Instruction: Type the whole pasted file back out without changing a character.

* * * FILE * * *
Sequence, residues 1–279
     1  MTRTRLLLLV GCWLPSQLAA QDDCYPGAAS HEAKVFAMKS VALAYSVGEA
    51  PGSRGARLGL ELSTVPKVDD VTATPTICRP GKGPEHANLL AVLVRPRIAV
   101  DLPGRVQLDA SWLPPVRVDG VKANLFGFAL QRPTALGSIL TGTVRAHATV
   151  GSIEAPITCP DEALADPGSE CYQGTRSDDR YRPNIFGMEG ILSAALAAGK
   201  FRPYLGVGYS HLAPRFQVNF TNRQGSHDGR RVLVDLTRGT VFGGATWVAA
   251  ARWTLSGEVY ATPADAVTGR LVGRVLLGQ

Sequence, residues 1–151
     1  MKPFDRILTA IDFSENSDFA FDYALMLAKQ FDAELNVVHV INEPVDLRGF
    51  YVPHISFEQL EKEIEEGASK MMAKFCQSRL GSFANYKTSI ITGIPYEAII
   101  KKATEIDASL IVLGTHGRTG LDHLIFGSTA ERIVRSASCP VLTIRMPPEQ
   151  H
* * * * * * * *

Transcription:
Sequence, residues 1–279
     1  MTRTRLLLLV GCWLPSQLAA QDDCYPGAAS HEAKVFAMKS VALAYSVGEA
    51  PGSRGARLGL ELSTVPKVDD VTATPTICRP GKGPEHANLL AVLVRPRIAV
   101  DLPGRVQLDA SWLPPVRVDG VKANLFGFAL QRPTALGSIL TGTVRAHATV
   151  GSIEAPITCP DEALADPGSE CYQGTRSDDR YRPNIFGMEG ILSAALAAGK
   201  FRPYLGVGYS HLAPRFQVNF TNRQGSHDGR RVLVDLTRGT VFGGATWVAA
   251  ARWTLSGEVY ATPADAVTGR LVGRVLLGQ

Sequence, residues 1–151
     1  MKPFDRILTA IDFSENSDFA FDYALMLAKQ FDAELNVVHV INEPVDLRGF
    51  YVPHISFEQL EKEIEEGASK MMAKFCQSRL GSFANYKTSI ITGIPYEAII
   101  KKATEIDASL IVLGTHGRTG LDHLIFGSTA ERIVRSASCP VLTIRMPPEQ
   151  H